Why is there a need for adhesive accelerator?
Adhesive accelerator is made from active species that are dispersed in solvents like isopropyl alcohol and acetone. The active species are actually a base that has the capability to initiate a cure on the instant adhesive or cyanoacrylate. The adhesive accelerator is applied on substrates that will be bonded together prior to the application of the adhesive in order to minimize fixture time. Generally, the accelerator is applied on one surface while the adhesive is being applied on the mating surface to prevent the curing of the adhesive through the accelerator before the parts are actually mated. In some instances, the adhesive accelerator can be sprayed over the cyanoacrylate to cure unconfined drops. This technique is widely used in wire tacking on printed circuit board assemblies.
UV curing adhesives for permanent repairs
Aside from cyanoacrylates, there is another alternative to obtain cost effective and permanent repairs on natural and engineered stones. UV curing adhesive works in a similar way to cyanoacrylates in handling repairs because in both instances, the adhesive has to fill the crack or the void; however, in cyanoacrylates, an adhesive accelerator is used to drive the cure while in the UV curing, adhesive, exposure to UV rays will drive the cure. UV curing adhesives are one-component adhesives that stay wet until they are exposed to UV rays. Once exposed to the proper light wavelength, a cure can be instantly achieved. In a manufacturing setting, large high intensity light boxes can be used to cure hundreds of parts that have been applied with UV curing adhesive in a single shift. UV curing adhesives are not as popular as cyanoacrylates in the adhesive market but they are proven technologies used for industrial applications.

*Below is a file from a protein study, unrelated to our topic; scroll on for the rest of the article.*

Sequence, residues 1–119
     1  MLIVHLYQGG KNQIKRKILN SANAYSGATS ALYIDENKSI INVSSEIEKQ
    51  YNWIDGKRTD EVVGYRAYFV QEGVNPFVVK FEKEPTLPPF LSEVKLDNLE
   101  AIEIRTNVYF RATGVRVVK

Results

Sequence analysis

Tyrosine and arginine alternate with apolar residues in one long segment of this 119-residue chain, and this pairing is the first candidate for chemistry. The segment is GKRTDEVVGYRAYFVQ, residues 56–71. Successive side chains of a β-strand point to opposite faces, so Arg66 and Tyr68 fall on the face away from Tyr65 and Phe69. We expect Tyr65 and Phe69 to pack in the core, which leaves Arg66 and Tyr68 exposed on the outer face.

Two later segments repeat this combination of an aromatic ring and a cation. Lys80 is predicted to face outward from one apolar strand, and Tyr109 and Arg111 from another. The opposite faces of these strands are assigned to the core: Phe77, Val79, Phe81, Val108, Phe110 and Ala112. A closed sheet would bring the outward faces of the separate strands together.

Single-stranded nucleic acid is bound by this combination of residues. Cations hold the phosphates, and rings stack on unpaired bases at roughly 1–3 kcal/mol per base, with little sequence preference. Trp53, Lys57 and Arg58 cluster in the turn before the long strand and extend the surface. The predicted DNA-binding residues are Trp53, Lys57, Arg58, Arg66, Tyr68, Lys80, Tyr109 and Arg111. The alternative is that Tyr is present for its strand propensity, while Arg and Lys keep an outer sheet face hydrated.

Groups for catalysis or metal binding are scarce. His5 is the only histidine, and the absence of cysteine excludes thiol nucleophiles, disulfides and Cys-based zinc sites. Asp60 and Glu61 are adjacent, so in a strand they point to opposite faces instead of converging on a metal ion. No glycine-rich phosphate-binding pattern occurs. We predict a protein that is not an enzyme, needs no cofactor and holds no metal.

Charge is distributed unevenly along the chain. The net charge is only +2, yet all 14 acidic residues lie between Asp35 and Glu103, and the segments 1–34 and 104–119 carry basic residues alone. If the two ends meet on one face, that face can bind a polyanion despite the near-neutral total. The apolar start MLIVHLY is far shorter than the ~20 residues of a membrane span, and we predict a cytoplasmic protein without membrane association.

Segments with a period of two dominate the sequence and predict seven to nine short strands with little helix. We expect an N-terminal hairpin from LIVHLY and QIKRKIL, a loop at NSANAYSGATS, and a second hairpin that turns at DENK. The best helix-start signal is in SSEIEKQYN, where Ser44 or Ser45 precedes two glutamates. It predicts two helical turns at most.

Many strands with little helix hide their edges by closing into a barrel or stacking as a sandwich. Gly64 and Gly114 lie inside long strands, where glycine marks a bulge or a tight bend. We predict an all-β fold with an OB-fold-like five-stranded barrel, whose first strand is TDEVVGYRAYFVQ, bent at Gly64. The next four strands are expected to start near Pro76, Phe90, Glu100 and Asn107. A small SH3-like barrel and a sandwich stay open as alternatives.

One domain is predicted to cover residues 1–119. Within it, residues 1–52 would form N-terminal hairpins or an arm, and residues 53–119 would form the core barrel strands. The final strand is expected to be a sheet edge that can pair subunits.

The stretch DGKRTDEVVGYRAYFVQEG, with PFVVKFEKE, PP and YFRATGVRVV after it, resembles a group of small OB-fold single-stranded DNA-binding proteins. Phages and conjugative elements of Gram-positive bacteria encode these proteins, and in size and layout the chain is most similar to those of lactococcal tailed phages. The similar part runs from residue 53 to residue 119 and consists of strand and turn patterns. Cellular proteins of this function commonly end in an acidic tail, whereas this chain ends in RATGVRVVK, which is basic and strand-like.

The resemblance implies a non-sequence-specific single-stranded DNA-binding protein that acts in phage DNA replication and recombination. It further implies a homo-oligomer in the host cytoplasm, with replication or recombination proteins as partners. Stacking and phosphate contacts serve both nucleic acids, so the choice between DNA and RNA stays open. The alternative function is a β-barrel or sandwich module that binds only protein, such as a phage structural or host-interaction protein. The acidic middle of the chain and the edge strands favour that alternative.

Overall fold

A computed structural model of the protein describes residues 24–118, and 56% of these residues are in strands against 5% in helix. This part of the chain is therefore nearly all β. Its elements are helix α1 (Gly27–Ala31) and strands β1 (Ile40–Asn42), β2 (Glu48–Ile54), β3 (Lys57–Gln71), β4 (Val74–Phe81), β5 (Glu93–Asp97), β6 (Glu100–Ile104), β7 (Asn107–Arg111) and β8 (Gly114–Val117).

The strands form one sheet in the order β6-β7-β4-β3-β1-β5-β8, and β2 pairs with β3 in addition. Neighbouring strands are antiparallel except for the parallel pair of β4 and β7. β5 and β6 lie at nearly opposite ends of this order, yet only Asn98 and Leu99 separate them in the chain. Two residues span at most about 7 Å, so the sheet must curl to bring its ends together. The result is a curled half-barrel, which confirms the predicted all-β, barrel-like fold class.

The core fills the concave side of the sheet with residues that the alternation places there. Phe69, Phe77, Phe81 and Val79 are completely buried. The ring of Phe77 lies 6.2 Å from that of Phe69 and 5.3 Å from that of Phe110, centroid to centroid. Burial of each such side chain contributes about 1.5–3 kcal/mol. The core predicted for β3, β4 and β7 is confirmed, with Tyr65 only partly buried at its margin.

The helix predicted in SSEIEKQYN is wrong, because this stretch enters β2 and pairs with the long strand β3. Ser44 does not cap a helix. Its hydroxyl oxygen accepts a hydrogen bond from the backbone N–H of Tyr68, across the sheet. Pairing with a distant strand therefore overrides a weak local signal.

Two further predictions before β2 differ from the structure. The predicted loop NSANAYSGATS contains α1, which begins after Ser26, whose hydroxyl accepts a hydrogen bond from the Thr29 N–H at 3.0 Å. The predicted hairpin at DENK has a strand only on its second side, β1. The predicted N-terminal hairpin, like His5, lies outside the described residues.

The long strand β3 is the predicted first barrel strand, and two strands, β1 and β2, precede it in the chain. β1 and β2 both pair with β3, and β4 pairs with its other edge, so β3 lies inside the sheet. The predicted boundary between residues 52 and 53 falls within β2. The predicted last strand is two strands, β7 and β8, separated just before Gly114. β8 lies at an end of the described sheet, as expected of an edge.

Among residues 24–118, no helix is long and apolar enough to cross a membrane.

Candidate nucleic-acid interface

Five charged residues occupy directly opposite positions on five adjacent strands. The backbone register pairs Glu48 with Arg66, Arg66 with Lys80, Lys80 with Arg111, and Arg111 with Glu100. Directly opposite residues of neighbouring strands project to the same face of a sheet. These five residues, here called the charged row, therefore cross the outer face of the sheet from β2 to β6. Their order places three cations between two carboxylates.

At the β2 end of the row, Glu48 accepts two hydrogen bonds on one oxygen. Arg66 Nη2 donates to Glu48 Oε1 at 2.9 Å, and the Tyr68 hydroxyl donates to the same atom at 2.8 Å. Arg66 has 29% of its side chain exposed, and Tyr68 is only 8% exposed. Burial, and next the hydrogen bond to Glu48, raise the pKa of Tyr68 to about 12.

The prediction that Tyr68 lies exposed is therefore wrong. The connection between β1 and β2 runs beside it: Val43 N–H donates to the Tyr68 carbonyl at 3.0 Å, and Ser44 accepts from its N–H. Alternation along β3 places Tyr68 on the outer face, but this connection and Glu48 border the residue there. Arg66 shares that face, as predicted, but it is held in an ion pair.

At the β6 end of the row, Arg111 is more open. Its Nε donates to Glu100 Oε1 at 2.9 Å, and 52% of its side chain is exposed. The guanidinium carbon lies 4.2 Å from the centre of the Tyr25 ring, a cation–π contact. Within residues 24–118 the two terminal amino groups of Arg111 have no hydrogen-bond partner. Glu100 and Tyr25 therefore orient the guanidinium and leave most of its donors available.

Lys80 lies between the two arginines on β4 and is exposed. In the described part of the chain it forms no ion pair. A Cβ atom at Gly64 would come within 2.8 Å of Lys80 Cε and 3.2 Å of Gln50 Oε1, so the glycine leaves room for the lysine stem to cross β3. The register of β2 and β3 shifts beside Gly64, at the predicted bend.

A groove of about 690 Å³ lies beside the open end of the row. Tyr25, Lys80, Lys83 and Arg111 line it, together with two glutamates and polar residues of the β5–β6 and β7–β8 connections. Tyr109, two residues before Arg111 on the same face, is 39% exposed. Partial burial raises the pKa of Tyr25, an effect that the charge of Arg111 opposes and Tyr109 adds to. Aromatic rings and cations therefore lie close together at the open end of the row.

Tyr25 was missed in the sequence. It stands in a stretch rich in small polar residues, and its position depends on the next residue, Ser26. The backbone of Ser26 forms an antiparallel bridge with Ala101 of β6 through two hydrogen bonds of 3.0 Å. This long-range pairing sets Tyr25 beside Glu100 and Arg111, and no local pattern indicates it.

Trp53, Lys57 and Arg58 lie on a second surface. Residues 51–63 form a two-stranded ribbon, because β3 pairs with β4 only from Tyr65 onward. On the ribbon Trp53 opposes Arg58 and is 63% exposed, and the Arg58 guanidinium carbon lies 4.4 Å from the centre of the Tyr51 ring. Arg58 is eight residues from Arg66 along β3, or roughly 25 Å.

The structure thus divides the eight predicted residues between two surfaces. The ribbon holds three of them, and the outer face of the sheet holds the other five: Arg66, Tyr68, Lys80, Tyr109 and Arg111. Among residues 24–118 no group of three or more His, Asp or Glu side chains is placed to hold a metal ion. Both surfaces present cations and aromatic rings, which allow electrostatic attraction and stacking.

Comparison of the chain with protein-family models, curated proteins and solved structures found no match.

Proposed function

Benefits of using cyanoacrylates
Cyanoacrylate adhesive once cured provides unmatched strength to many substrates. A rubber toughened cyanoacrylate provides the best bond strength in metal substrates while ethyl and surface insensitive cyanoacrylate demonstrates better performance when used on polymeric substrates. However, there is one substrate that poses a huge challenge to instant adhesives. When cyanoacrylate is used on glass, the initial bond strength is usually high enough to break the glass but it tends to dramatically drop after a few weeks to create a bond of negligible strength. This is a phenomenon that demonstrates why consumers should evaluate adhesives before making a choice for the application requirements. Assemblies that have been bonded with cyanoacrylates have shown acceptable long term performance even at high temperatures and extreme conditions.